GREG FEALY and SALLY WHITE, eds.
Expressing Islam: religious life and politics in Indonesia
Singapore: Institute of Southeast Asian Studies, 2008. 296 pp. ISBN 978-981-230-850-4, pb US$25.90, S$29.90
Reviewed by John Sidel, London School of Economics and Political Science
Since 11 September 2001, Islam in Indonesia has largely been viewed through the prism of the ‘Global War on Terrorism’, with Islamic ‘extremism’, ‘fundamentalism’, and ‘radicalism’ dominating discussions of the world’s most populous majority-Muslim country. With the rise of ICMI in the late Suharto era, the ascendancy of ICMI chairman B.J. Habibie to the presidency in May 1998, and the emergence of diverse new Islamic parties in 1998-99, the question of politics had already come to overshadow all other trends and developments in Indonesian Islam. With the Christian-Muslim conflict in Maluku, North Maluku, and Poso in 1999-2001, the rise of Front Pembela Islam and Laskar Jihad during the same years, and the terrorist bombings by Jemaah Islamiyah in 2002-2005, the connection between Islam and violence also attracted enormous attention.
With the fading of inter-religious violence and terrorism in the name of Islam in recent years, however, broader sociological trends have finally begun to receive the kind of close attention they have always deserved among scholars and other interested observers of Islam in Indonesia. Indeed, the past few years have seen the publication of a growing number of articles, monographs, and edited volumes treating in great depth and with ample nuance and sophistication the highly varied religious terrain of the Indonesian archipelago. The recently published volume Expressing Islam: Religious Life and Politics in Indonesia edited by Greg Fealy and Sally White offers the best available overview, in terms of breadth of coverage, diversity of themes and trends treated, and quality of scholarship represented. Emerging out of the 25th annual Indonesia Update conference held at the Australian National University in September 2007, the volume showcases important new work by specialists on Islam in Indonesia based in Australia and Southeast Asia (and, in one instance, the United States).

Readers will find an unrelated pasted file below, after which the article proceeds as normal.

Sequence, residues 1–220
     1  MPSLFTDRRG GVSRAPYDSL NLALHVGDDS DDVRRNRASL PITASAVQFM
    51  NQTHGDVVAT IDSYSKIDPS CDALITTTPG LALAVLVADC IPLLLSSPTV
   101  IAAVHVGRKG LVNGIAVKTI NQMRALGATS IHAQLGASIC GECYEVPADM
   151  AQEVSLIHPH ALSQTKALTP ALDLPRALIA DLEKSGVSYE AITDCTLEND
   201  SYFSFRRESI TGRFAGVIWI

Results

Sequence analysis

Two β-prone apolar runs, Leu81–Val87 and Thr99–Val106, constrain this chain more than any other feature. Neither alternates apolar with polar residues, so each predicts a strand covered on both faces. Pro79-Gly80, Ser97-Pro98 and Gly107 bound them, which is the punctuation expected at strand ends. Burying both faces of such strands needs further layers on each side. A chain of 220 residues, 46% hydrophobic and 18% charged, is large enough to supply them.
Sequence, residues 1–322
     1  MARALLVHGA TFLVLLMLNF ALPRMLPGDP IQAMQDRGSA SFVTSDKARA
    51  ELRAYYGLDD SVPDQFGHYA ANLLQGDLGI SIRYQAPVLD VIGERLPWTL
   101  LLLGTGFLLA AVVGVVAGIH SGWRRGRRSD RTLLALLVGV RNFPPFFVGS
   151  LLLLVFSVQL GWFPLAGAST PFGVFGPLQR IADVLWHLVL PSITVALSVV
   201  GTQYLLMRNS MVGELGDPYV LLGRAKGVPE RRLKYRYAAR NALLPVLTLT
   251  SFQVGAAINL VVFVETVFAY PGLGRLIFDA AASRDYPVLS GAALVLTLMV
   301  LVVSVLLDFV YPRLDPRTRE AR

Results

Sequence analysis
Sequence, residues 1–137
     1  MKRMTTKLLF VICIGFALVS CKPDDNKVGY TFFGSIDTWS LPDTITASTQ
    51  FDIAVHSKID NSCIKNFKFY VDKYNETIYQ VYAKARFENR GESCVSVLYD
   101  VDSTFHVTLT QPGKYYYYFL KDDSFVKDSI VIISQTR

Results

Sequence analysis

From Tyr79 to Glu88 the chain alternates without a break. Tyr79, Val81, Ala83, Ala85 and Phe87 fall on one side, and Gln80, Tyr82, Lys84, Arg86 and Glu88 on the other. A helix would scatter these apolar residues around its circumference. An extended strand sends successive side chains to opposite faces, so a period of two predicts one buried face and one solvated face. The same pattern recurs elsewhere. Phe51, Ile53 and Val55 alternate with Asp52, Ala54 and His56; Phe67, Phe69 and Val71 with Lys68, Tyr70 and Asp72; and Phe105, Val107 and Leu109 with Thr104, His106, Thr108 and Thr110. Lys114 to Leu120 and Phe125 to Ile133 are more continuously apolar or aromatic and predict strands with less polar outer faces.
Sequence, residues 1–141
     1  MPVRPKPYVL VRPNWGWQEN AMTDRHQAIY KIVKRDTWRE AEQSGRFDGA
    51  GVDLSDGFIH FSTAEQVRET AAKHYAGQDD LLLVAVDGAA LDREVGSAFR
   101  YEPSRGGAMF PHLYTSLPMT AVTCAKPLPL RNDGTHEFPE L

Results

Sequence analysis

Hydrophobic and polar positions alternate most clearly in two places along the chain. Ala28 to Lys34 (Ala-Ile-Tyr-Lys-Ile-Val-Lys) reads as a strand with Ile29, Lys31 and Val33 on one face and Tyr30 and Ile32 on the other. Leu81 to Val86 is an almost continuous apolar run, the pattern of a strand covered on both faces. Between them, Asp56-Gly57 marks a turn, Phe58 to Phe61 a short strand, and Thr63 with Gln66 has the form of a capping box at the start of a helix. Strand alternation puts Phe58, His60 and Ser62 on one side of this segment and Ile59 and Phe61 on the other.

The first section of the volume, ‘Expressing Personal Piety,’ traces patterns of religious activity over the past decade with close attention to the ways in which commodification and communications technology are transforming Islamic practices and understandings among Indonesian Muslims. The pieces here by Greg Fealy, Julia Day Howell, George Quinn, Julian Millie, and James Hoesterey range widely across the field of religious activity, from Sufism (Howell) to pilgrimages to the grave sites of Javanese Islamic ‘saints’ (Quinn) to shifting forms of dakwah oratory (Millie) and the trajectory of the celebrated Islamic da’i Aa Gym (Hoesterey). In these fine pieces, we can now see Indonesian Islam through fine-grained ethnographic lenses enhanced by familiarity with scholarship – the works of Jon Anderson and Dale Eickelman, Charles Hirschkind, Patrick Haënni, and Gregory Starrett – on parallel trends in the Middle East and elsewhere across the Muslim world. Greg Fealy’s essay, ‘Consuming Islam: commodified Islam: commodified religion and aspirational pietism in contemporary Indonesia,’ provides an excellent overview of these trends in what stands as the keystone piece of the volume as a whole.
The second section of the volume, ‘Political Islam and Legal Expressions of Islam,’ shifts attention from the sociological trends treated above back to the realm of politics, paying close attention to historical and sociological context. The eminent historian Merle Ricklefs, for example, provides a richly detailed account of the diversity of forms of Islamic piety across Java, noting, for example, how the Central Javanese village of Ngruki, home to the pesantren identified as the recruiting ground for the Islamist terrorist network Jemaah Islamiyah, ‘is also home to a local mystical group that brings together followers of both Islamic and Christian backgrounds to undertake indigenous spiritual disciplines. They ignore the Islamic school in their midst, practise supernatural and healing skills, and insist that “Javanese culture is more pure than religion” (pp. 130-31). Sally White and Maria Ulfah Anshor discuss a range of ongoing public debates and disputes about Islam and gender in Indonesia, covering what some have termed a ‘culture war’ with greater nuance and sophistication. Nadirsyah Hosen, Robin Bush, and Ian Douglas Wilson treat online fatwa, local experiments with so-called shariah legislation, and Islamic preman (gangsters), respectively, with similar care and clarity. Ken Ward provides a very interesting account of religious practices and beliefs among Islamic activists affiliated with the terrorist Jemaah Islamiyah network. The third and final section of the book, ‘The Islamic Economy,’ features three illuminating essays on Islamic banking (Umar Juoro) and Islamic microfinance (Muhammad Syafii Antonio and Minako Sakai).
Overall, Expressing Islam: Religious Life and Politics in Indonesia offers the best overview of the diversity of trends in Indonesian Islam over the past decade. Greg Fealy and Sally White, as well as the various contributing authors, are to be commended for an excellent collection of essays, which merit a close reading by all students of Indonesia and of Islam in Southeast Asia.